APPEAL from the Circuit Court of Cook County; the Hon. JAMES
J. MEJDA, Judge, presiding.
MR. JUSTICE KLUCZYNSKI DELIVERED THE OPINION OF THE COURT:
Rehearing denied May 25, 1972.
Defendant was found guilty of the sale of heroin (Ill. Rev. Stat. 1965, ch. 38, par. 22-3), by a jury in the circuit court of Cook County, and was sentenced to the penitentiary for a term of 10 to 14 years. He appeals contending: (1) the trial court erred in denying his motion to suppress evidence; (2) he was not proved guilty beyond a reasonable doubt; and (3) he was substantially prejudiced by the admission of his inculpatory statement following the trial court's order suppressing all statements, confessions and admissions.
On March 27, 1967, Officer McKelvey received a telephone call from Charles Perry who had been an informer for various law enforcement agencies for a number of years and had participated in several narcotics cases. McKelvey and his partners, Officers Dura and Kurowski, obtained $50 in marked currency with recorded serial numbers and met Perry at a pre-arranged location about 7:00 P.M., some two hours after Perry's call.
Perry accompanied by Officer McKelvey, entered a phone booth and made a call. He and the officers then drove about the city for three hours and shortly before 10:00 P.M., Perry made another phone call. Thereafter, the officer took Perry to the rest room of a gas station and completely searched him to make certain that he had no money or narcotics in his possession. The three officers and Perry then drove to the rear of the Mayflower Hotel at 6125 S. Kenwood Avenue, Chicago.
When they arrived, the officers gave Perry the $50 in currency for which Perry signed a receipt listing the serial numbers of the bills. The four men then entered the hotel and proceeded to the first floor. Officers Dura and McKelvey were stationed approximately 40 feet from the door of Room 171. Officer Kurowski placed himself in a vestibule 12 feet away and at the time of the sale was in a position to view the entire transaction. As soon as the officers were in position, Perry knocked on the door which was partially opened and secured by a chain lock.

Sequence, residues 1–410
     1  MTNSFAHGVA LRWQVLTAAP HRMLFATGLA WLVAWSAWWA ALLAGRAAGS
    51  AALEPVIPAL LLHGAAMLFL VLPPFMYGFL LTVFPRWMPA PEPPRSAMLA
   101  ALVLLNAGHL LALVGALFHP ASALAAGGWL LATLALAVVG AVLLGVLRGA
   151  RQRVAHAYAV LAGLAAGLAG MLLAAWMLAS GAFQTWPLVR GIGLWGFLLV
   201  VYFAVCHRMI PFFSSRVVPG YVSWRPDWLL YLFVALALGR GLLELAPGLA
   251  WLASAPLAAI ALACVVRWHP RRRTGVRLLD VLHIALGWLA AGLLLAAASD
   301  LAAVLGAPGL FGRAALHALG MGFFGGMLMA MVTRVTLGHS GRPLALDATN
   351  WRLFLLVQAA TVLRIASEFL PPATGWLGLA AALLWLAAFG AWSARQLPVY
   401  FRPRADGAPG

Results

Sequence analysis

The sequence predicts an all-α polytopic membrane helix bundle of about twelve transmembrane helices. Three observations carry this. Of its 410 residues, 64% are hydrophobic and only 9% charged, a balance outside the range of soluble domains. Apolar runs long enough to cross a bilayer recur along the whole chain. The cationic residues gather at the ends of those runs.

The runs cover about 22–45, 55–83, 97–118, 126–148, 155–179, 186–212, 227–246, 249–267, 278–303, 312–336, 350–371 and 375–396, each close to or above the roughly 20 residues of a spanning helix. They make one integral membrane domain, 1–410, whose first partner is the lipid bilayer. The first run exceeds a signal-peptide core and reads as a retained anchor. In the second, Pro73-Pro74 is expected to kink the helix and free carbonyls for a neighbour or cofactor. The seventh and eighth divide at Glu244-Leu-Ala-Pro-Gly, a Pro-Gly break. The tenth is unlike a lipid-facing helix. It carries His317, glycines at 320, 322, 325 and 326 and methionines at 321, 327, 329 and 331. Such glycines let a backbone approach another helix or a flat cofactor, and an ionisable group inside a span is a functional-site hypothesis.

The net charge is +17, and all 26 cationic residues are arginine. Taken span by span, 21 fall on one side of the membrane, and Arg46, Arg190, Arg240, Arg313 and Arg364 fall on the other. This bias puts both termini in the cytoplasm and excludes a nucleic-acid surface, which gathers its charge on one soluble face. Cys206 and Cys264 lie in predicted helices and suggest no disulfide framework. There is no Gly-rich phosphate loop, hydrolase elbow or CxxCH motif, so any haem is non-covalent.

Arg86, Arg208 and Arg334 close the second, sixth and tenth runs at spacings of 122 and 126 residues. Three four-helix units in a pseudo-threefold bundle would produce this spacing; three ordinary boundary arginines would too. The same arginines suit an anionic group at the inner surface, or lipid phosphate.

Perry testified that he told the defendant he "wanted to `cop'" and gave the defendant the $50 in marked currency. The door closed and a few moments later defendant opened it and handed Perry five tinfoil packets and then closed the door. Although Officers Dura and McKelvey could not see the defendant's face, they did observe an arm extend into the hall, take the money, and later give something to Perry. Officer Kurowski, however, testified that he was in a position to establish that the person at the door was the defendant. The contents of one of the foil packets was field tested by the officers and the result was positive, indicating that it was heroin. Officer Kurowski then took Perry to the hotel lobby and returned. During this time, Dura and McKelvey knocked on the door to Room 171 and announced their office. Getting no response, they forced the door, entered and found defendant running to the bathroom and throwing two other tinfoil packets into the toilet bowl. McKelvey recovered these packets and the officers arrested the defendant and advised him of his rights. A search of the apartment uncovered $50 in marked money behind a dresser drawer in the room where defendant was seated.
Defendant contends that the search of this apartment without a warrant violated his fourth amendment rights, and that the trial court erred in denying his motion to suppress the articles seized.
The United States Supreme Court, in United States v. Rabinowitz (1950), 339 U.S. 56, 94 L.Ed. 653, 70 S.Ct. 430, held that a reasonable search incident to a valid arrest does not violate constitutional safeguards merely because the officers failed to procure a search warrant. The court found that the reasonableness of a search must be determined under the facts of each case. This rule was restated in subsequent decisions. Chapman v. United States (1961), 365 U.S. 610, 5 L.Ed.2d 828, 81 S.Ct. 766; United States v. Jeffers (1951), 342 U.S. 48, 96 L.Ed. 59, 72 S.Ct. 93.